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[NEW YORK] Oil prices fell sharply on Tuesday as news of increased production from Nigeria and a jump in overall Opec output stoked fears of the crude surplus persisting on the global market.
Both key global contracts lost more than US$2.00 a barrel amid ongoing worries as well that the economic impact of Britain's vote to leave the European Union will also spell slower demand for oil.
Suicide bombings in Iraq and Saudi Arabia meanwhile had no apparent effect on the market.
London benchmark Brent crude for August delivery finished the day down 4.3 per cent at US$47.96 a barrel.
In New York, the West Texas Intermediate contract for August delivery lost 4.9 per cent to US$46.60 a barrel.
Analysts said the market reacted largely to Bloomberg News reports that Opec crude production rose by 240,000 barrels a day in June, led by a 90,000 barrel gain in Nigeria and 70,000 in Saudi Arabia, the world's top exporter.
Nigeria, Africa's biggest oil producer, pumped an average 1.53 million barrels a day in June after restoring production facilities damaged by rebel attacks.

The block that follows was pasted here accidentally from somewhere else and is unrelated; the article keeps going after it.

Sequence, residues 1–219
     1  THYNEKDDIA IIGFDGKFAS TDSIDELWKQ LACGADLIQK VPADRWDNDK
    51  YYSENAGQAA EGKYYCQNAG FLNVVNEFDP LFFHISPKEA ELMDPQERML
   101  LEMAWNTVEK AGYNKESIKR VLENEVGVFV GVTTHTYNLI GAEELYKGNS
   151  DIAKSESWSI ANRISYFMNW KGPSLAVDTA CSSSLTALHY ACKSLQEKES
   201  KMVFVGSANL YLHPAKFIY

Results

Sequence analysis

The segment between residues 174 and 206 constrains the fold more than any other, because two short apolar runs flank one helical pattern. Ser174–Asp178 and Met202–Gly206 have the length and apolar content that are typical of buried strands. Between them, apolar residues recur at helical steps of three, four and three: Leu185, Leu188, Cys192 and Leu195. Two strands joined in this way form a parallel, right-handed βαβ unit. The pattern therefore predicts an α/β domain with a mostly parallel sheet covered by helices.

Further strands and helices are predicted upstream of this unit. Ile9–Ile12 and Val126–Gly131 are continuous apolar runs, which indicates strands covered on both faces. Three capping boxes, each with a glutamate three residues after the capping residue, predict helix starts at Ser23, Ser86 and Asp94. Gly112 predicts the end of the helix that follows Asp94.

"Crude oil prices are back well below US$50 after Nigerian production was ramped up afresh, tipping the balance of drivers further towards the bearish," said Michael van Dulken and Augustin Eden at Accendo Markets.
"The increase in Opec production threatens to postpone the anticipated rebalancing of the global market," added Tim Evans at Citi Futures.
Meanwhile Britain's vote to leave the European Union continues to rile markets, denting expectations for global growth.
"As global bond markets start to price in the prospect of a global slowdown, oil prices have started to come back off their recent highs," said Michael Hewson, chief market analyst at CMC Markets.